• Record Reviews

    Bloch: Baal Shem — Three Pictures of Chassidie Life; Sonata No. 1 for Violin and Piano

  • The Peripatetic Reviewer

  • Potpourri

  • Cambodia

  • Secrets of the Swiss Banks

    For people with tax problems, Swiss banks have always been an attractive solution, and it is no secret that many film stars, prosperous businessmen, and political potentates use the Swiss “numbered accounts” in order to protect their financial resources from tax collectors, fiscal catastrophe, and the shifting winds of political favoritism. T. R. Fehrenbach, whose book on the Swiss banks will be published in the fall by McGraw-Hill, is a lieutenant colonel in the Civil Affairs branch of the USAR. His history of the Korean War, THIS KIND OF WAR,published in 1963, was a book-club selection and best seller.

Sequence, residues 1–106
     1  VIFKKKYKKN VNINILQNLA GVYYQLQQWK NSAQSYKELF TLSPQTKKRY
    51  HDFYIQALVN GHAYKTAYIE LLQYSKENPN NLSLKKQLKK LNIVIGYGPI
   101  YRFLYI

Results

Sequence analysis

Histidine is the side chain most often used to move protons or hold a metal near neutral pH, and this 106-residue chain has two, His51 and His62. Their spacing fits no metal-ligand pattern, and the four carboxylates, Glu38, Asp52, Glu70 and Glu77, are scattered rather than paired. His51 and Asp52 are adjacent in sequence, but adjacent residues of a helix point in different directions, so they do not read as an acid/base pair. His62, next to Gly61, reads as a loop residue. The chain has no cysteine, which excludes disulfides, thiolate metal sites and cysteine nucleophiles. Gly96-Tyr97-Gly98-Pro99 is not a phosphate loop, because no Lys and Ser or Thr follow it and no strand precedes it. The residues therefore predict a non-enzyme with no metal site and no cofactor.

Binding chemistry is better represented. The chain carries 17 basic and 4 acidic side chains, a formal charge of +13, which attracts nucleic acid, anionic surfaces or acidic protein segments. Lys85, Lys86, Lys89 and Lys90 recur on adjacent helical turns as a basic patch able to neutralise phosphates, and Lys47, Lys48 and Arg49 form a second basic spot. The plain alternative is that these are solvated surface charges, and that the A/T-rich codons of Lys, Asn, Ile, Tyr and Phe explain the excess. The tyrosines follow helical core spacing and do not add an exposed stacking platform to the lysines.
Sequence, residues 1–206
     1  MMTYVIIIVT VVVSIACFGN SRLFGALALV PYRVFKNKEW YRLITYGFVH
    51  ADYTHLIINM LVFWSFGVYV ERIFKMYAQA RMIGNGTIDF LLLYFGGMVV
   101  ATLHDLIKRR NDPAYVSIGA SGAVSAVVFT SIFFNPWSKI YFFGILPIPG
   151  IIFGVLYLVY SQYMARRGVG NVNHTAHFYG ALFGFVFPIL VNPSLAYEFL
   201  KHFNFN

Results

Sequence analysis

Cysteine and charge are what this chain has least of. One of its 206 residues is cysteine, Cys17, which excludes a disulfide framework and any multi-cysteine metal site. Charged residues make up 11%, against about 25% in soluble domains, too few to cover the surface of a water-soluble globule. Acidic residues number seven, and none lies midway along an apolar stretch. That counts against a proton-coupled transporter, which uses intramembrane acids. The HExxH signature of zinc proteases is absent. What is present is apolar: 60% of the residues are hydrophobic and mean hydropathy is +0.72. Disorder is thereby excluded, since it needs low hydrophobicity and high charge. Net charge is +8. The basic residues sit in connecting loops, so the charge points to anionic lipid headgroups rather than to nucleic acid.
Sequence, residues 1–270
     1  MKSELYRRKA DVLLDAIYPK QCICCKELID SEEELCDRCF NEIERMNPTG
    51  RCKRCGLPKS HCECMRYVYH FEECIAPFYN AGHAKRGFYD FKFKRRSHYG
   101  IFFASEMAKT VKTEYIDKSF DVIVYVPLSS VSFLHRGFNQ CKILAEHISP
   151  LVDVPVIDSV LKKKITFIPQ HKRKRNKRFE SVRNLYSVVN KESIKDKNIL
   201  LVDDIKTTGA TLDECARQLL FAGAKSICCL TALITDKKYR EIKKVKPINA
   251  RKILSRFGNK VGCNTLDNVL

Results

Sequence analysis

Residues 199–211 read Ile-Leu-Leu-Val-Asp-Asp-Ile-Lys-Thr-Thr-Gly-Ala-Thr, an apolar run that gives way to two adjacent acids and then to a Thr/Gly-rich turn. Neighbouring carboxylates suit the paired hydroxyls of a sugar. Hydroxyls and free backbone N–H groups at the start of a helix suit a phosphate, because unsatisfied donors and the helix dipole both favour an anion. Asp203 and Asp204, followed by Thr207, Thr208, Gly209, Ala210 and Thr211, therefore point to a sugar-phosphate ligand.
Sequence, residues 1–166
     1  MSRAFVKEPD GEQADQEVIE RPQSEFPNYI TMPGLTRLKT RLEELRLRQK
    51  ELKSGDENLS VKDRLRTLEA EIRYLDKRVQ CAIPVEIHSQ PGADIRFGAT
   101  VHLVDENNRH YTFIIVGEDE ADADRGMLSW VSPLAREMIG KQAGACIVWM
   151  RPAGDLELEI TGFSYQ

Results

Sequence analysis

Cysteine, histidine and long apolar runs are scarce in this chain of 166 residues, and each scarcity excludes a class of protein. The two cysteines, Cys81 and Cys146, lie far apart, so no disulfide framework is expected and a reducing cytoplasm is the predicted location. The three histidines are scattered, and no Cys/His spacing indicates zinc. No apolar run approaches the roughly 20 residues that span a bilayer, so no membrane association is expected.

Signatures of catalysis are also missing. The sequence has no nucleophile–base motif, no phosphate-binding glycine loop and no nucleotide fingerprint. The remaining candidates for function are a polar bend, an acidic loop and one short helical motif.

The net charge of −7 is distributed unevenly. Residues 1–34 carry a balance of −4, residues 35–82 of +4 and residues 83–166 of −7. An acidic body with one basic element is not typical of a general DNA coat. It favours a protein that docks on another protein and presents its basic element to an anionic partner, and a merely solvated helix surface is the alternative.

• Sailing With Uncle Charlie

    The late Charles Francis Adams was in his maturity Boston’s leading citizen and Secretary of the Navy in President Hoover’s Cabinet. He was also for fifty years the best helmsman on the Eastern seaboard. This racy memoir by his nephew George Homans, professor of sociology at Harvard, was first presented to the Massachusetts Historical Society, and we print it with pleasure.

  • Washington

  • On Losing Touch

  • New Insight Into Mental Illness: Philosophical Implications

    Biochemical discoveries about a disease that causes idiocy hold fascinating philosophical implications. Those implications, growing out of research into the origins of a disease called phenylketonuria, are here discussed by Canadian-born D. W. Woolley, who has been associated with the Rockefeller Institute in New York City for twenty-five years and is currently professor of biochemistry there. He has worked primarily with vitamins and hormones and with the development of new means for treatment of diseases.